North Korea

North Korean police told to improve security nationwide to protect leader Kim Jong Un


The orders include creating a security network for better surveillance of the people.

North Korean police told to improve security nationwide to protect leader Kim Jong Un

North Korea’s leader Kim Jong Un attends the 75th Founding Anniversaries of Mangyongdae and Kang Pan Sok Revolutionary Schools Marked with Grand Ceremony, in in Pyongyang, North Korea, in this undated photo released on Oct. 12, 2022 by North Korea’s Korean Central News Agency (KCNA).

North Korean police are working to enhance security nationwide to ensure the safety of leader Kim Jong Un amid increased tensions on the Korean peninsula, sources in the country told Radio Free Asia.

In the past two months, North Korea returned to its brinkmanship strategy of repeated provocations by introducing a law that allows for preemptive nuclear strikes, test launching a series of missiles, including one that flew over Japan, and Pyongyang is widely believed to be preparing for another nuclear test, which would be its first since 2017.

Though state media waxes poetic about the necessity of such actions to deal with threats from abroad, orders from the top say that local authorities need to get their houses in order and eliminate all potential threats to the leadership from within, a judicial source in the northeastern province of North Hamgyong told RFA’s Korean Service on Oct. 17 on condition of anonymity for security reasons.

“On October 12, the Ministry of Social Security sent down a project agenda for protecting the safety of the Chief of the Revolution,” he said, using an honorific to describe Kim Jong Un. “This is in response to the recent increase in political tensions upsetting social stability.

“Police were ordered to find and eliminate factors that could be maneuvered by impure hostiles among the residents … in their jurisdiction within this month,” said the source. Impure hostiles are people who waver in their loyalty, who might influence others to do the same.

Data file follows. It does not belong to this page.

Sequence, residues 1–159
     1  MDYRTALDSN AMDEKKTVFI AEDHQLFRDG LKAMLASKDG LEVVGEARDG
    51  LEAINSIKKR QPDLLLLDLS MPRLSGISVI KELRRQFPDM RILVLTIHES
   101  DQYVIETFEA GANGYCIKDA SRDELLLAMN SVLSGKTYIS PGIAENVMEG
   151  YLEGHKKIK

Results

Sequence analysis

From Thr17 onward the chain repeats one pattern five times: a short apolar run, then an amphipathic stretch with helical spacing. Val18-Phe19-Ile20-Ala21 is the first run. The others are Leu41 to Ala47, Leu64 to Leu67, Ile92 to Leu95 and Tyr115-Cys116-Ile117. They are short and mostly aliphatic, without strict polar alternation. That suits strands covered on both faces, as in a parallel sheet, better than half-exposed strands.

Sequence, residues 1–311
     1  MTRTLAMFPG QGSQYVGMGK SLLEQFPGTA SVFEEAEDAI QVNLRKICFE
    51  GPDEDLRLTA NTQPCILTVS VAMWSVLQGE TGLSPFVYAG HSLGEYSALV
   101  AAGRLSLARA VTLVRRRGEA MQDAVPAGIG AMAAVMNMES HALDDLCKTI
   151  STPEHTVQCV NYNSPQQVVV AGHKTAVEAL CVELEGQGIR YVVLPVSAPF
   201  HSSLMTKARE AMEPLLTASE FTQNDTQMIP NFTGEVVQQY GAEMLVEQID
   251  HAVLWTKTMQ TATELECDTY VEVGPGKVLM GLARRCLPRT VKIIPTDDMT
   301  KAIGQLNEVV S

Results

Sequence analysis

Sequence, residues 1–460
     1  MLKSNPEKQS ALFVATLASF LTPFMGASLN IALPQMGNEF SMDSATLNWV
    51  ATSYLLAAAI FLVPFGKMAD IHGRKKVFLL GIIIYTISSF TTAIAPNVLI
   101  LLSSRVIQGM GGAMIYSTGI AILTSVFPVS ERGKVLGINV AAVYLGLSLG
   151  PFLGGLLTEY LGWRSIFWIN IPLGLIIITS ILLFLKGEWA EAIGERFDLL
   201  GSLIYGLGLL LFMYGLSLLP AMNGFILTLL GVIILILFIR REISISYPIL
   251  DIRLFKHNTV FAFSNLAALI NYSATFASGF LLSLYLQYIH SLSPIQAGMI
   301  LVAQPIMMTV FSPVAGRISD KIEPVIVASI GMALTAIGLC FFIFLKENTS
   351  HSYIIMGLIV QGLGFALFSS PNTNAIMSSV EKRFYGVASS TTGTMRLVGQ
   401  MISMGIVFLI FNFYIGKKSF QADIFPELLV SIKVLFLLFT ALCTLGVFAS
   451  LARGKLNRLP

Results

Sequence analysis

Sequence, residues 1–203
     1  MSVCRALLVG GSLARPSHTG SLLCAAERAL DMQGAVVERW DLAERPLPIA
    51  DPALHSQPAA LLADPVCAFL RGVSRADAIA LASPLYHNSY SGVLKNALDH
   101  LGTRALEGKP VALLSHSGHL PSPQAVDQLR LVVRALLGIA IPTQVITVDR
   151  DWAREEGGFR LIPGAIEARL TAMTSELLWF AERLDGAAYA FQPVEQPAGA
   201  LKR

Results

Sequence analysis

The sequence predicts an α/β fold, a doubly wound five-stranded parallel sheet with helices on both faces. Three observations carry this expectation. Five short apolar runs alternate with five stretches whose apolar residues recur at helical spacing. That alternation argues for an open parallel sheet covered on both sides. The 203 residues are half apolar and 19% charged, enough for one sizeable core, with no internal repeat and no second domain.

The Ministry of Social Security ordered that the police and social safety agencies create a tight surveillance network to identify problematic people and keep tabs on them, the source said.

“They ordered that the police must remove all subjects who have illegally entered their jurisdiction and return them to their place of origin as soon as possible … and prevent problematic subjects in their jurisdiction from leaving to other areas,”  he said.

In North Korea, people cannot freely move about the country and settle where they please without permission. Once they are in a new area they must also register with the local authorities. Living outside of the area one is registered is technically illegal.  

“Search and patrol checks for problematic subjects should be conducted at least once each day in cooperation with security forces, special agencies, and the Worker-Peasant Red Guards,” he said. The Worker-Peasant Red Guards are a paramilitary militia, and the largest civil defense force in the country.

In addition to keeping tabs on people, police must check the performance of their personnel and review the status of their security-related equipment, a judicial source in the northwestern province of North Pyongan told RFA on condition of anonymity to speak freely.

“From Nov. 1, encrypted terms and documents must be used in the process of implementing and directing escort projects,” he said, referring to times important leaders require a security detail when visiting or moving through an area.

“[Police] must also make trips to the railways and roads by the end of this month to assess risk factors and reflect on security plans for escort projects. Authorities instructed the ministries to build an operation plan and mobilize personnel at a random time for a No. 1 escort operation drill before the 20th,” he said. No. 1 events are those that involve Kim Jong Un. 

While implementing the orders, police are also supposed to take extra precaution to prevent the spread of rumors.

“They must thoroughly control and report on the trends and public sentiments of the residents under the pretext of recent political tensions,” he said.

“But these days, the officials are complaining of fatigue as they work late into the night to deal with the huge pile of orders coming from the top,” the second source said. “Some of the officials complain that the central party’s orders ignore the reality of provincial areas and they keep sending more and more.”  

Translated by Claire Shinyoung Oh Lee and Leejin J. Chung. Written in English by Eugene Whong. 

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